Josephus confirms this: and mentions Herodias by name, as his brother's wife, whom Herod had married after divorcing his own, She was the daughter of Aretas, king of the Petrean Arabians. Her husband was not dead when Herod took her. Aretas made war against

him on account of this dishonourable conduct. Herod's whole army was destroyed in a battle. His adultery might sufficiently account for the divine displeasure; but Josephus attributes it to his cruelty towards John. He also relates that Herod lost his kingdom, and was banished to Lyons with Herodias. He states in the eighteenth book, that many of the Jews considered this destruction as a judgment from God for the murder of a good man, who had taught them virtue in their actions, and piety in their sentiments. He then enters into a discussion on the efficacy of baptism to purification, externally in reference to the body, internally on the supposition that the soul is previously purified by righteousness, as preached by John. Herod is represented as fearing that his persuasive power might raise sedition ; for the people seemed entirely at John's disposal. By way of prevention, Herod sent him a prisoner to the castle of Machærus, where he was put to death. Josephus goes on to speak of our Saviour: - “ There was about this time one Jesus, a wise man, if he may be called a man; for he did marvellous works. He taught those who were willing to receive his doctrine, drawing over to him many, both Jews and Gentiles. He was the Christ."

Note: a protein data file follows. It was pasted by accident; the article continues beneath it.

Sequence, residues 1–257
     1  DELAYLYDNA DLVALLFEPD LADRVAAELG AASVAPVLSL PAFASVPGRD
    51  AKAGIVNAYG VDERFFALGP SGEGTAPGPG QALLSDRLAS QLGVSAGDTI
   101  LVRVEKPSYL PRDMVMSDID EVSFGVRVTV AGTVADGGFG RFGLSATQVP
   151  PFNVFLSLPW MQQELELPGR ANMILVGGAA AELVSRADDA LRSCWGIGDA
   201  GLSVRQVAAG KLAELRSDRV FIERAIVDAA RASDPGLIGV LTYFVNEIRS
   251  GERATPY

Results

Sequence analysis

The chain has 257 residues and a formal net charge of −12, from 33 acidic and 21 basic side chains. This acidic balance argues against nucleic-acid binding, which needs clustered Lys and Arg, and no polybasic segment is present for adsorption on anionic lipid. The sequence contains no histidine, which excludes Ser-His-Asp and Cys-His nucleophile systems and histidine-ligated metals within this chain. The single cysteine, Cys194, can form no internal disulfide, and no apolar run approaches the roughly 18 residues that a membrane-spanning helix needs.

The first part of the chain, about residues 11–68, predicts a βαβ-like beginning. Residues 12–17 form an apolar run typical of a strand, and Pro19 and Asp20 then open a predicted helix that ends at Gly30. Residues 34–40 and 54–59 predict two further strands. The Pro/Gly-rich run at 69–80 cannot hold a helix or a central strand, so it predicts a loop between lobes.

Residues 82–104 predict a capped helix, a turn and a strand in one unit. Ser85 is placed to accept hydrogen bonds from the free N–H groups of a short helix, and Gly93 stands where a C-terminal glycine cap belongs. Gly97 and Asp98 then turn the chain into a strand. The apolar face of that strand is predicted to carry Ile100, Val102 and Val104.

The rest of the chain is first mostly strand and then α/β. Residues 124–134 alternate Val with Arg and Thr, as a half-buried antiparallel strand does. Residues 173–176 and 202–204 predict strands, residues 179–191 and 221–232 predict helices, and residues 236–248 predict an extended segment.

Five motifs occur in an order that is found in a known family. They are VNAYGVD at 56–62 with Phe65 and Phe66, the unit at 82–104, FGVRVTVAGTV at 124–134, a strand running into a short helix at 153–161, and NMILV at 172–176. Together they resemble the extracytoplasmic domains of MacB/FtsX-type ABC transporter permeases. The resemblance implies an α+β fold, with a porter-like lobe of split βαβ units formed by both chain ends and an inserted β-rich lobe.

Josephus is principally to be received as a witness against himself. The head and front of John's offending was the declaration, It is not lawful for thee to have thy brother's wife.

Josephus also relates, that Jerusalem was taken in the reign of Vespasian, forty years after the Jews had dared to put Jesus to death. James, bishop of Jerusalem, the brother of our Lord, was thrown down from the temple at the same time,